Nowadays, couplets are mostly found in poetry for children and in popular songs. Poems written in couplets can be short or long, and the way lines rhyme is described AABBCC and so on, with one letter representing one line of poetry. Each line in a couplet has the same number of strong syllable beats (four in Seussian verse).

Young children being read to enjoy couplets. They can remember the sound at the end of the first line, and guess the word that ends the second line. Dr. Seuss’s couplets are very guessable. He and other children’s poets sometimes throw in a three rhyming lines in a row. The third line should be surprising because the rhyme is unexpected, like this one from Dr. Seuss’s Sleep Book,

A Jedd is in bed, and the bed of a Jedd
Is the softest of beds in the world, it is said.
He makes it from pom poms he grows on his head.

This triplet also has rhyming words within the first two lines. These are called internal rhymes.

There isn’t a special word for four or more rhymed lines in a row, but Dr. Seuss often went on and on with lines that rhyme, up to seven when telling about the Bippo-no Bungus in If I Ran the Zoo.

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Word challenge

March 20, 2015

Tags: word games

Playing hink-pink is a great way to train your brain to come up with rhymes. I learned to play from my Grandma Kay. Back before I was born, she won a car and a washing machine in rhyming jingle contests.

1. Think of two words that rhyme.

2. Make up a definition for the words.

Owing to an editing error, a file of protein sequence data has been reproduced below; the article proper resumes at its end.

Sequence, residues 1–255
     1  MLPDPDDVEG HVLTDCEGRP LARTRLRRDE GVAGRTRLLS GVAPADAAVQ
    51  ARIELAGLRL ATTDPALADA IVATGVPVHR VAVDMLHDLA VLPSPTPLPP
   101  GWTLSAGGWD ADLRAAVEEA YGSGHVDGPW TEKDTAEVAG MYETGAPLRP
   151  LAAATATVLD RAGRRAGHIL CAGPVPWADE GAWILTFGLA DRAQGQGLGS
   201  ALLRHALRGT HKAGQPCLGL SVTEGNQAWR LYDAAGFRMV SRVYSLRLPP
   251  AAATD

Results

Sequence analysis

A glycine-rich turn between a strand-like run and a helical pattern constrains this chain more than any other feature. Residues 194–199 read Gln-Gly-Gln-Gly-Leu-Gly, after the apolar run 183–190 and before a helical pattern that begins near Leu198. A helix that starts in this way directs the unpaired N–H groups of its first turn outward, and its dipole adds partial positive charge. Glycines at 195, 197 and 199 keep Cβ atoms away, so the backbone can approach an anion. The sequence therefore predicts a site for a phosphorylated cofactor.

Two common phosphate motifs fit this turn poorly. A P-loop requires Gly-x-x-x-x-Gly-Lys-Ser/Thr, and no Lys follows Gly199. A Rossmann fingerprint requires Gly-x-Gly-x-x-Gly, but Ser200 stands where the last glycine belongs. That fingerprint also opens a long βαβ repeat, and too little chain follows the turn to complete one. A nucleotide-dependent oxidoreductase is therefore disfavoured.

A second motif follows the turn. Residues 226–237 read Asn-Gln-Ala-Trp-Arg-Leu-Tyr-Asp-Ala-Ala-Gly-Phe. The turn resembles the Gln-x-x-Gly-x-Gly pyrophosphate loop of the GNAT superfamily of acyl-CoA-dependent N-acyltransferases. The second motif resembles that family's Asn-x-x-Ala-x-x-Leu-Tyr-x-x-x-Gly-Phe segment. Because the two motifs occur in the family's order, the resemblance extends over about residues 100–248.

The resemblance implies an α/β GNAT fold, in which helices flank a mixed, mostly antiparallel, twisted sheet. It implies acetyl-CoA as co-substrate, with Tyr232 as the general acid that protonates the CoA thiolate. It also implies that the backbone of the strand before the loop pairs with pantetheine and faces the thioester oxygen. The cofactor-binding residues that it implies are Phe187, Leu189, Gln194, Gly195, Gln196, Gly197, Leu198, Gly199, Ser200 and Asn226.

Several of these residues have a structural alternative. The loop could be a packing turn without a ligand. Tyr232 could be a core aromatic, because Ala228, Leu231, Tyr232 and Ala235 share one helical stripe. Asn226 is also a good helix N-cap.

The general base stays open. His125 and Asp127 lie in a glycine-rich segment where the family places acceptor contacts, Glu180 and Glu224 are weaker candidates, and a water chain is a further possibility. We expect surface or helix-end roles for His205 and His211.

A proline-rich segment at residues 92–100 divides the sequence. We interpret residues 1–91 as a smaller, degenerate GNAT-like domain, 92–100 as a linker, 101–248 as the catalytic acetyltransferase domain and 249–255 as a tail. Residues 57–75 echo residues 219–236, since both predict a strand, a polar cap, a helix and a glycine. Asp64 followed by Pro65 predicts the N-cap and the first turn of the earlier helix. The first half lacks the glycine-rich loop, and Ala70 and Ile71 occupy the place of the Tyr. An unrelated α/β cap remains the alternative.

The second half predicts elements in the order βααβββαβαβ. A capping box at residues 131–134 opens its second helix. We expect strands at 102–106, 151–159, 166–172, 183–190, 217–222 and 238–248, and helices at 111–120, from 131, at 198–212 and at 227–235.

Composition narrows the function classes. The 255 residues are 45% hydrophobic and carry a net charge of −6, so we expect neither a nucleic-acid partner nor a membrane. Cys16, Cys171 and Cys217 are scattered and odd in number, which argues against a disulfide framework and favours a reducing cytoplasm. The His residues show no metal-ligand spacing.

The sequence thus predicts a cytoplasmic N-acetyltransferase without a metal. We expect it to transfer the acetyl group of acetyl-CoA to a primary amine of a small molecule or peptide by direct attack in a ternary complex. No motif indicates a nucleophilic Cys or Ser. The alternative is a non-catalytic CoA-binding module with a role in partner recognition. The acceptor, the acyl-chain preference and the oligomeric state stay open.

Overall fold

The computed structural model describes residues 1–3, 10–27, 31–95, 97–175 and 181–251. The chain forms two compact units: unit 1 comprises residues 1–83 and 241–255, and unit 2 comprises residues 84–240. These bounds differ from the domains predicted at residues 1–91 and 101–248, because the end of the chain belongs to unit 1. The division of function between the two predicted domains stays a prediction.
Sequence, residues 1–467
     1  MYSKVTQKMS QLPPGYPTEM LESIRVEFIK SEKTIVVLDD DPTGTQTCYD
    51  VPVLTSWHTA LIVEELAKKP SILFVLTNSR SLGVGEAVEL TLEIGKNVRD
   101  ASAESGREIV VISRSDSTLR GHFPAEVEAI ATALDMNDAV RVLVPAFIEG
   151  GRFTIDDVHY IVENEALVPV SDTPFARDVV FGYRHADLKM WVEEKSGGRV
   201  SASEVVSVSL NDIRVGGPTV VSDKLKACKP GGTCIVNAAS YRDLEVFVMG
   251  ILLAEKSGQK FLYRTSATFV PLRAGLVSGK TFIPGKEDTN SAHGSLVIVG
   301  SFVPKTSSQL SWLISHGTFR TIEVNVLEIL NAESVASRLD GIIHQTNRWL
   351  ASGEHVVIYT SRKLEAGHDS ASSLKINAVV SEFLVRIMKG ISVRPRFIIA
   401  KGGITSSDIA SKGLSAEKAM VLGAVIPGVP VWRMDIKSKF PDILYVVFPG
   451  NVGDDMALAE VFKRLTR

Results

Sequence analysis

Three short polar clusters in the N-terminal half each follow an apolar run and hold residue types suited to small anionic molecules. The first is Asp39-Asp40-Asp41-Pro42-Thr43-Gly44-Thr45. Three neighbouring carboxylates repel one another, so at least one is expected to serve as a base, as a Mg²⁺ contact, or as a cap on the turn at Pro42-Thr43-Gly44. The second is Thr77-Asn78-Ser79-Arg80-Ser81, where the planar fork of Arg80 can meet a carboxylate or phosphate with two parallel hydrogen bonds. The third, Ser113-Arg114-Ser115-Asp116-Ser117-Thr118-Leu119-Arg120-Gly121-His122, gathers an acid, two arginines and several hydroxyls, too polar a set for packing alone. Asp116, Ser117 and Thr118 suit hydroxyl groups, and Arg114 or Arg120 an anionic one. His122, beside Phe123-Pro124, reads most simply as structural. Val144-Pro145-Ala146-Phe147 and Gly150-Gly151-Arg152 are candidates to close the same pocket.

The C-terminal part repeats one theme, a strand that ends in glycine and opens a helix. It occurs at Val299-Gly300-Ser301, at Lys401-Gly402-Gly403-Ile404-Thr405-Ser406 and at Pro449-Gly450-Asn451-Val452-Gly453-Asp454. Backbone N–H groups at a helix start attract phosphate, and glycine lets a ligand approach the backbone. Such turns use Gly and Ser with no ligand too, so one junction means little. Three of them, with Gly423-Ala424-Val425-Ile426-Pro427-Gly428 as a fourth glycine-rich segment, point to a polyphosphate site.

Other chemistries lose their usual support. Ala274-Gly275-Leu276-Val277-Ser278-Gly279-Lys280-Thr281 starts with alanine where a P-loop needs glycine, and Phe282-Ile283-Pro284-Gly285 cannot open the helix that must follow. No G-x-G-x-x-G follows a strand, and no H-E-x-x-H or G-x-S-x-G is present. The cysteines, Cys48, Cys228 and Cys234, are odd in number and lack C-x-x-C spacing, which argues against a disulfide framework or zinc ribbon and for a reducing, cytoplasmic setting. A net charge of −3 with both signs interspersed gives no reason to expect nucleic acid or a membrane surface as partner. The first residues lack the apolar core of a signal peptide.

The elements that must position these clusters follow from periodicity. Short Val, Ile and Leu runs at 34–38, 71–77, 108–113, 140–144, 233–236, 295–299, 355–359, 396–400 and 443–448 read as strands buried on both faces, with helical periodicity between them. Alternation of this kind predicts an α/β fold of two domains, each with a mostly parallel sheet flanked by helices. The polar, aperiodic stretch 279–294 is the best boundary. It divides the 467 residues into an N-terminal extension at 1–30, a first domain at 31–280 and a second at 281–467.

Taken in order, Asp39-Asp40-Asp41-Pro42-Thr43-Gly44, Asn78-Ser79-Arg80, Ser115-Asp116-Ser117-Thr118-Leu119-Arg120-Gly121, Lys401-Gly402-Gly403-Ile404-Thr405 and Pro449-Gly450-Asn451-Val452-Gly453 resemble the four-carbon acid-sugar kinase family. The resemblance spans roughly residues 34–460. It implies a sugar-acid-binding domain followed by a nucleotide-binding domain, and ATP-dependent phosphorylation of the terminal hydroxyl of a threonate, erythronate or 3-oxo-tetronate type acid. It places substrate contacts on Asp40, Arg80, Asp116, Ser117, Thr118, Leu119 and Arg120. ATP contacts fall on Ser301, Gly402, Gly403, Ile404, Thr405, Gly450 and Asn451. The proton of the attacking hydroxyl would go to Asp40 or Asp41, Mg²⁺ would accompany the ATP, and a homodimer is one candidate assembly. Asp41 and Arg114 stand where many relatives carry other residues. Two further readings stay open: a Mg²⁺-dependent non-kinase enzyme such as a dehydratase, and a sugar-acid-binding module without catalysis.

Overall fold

3. Tell the other player that you have a hink-pink (rhyming words,one syllable), or a hinky-pinky (rhyming words, two or more syllables). You might even think up a hinkity-pinkity, or a hinkaliicous pinkalicious. Maybe your want to allow words of different lengths in your game, a hinky-pinkity, for example

4. Say your definition and challenge the other player to guess your rhyme.

Some examples:

hink-pink: extra fur (spare hair)
hinky-pinky: a reptile with magic powers (lizard wizard)
hinkity-pinkity: the White House (President’s residence)

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Word of the day

March 19, 2015

Tags: Dr. Seuss, made-up words

March is Dr. Seuss month on the blog.

Dr. Seuss sometimes stretched or broke the rules of English grammar in order to rhyme. Because he was writing something funny, and because this was part of his writing personality, it didn’t matter much, so long as readers knew what he was trying to say. For example, he used the word ‘fastly' in If I Ran the Circus. 'Fast' is already an adverb. It doesn’t need an ‘-ly’ on the end. But it does make a nice rhyme for ‘a beast called the Grizzly-Ghastly'.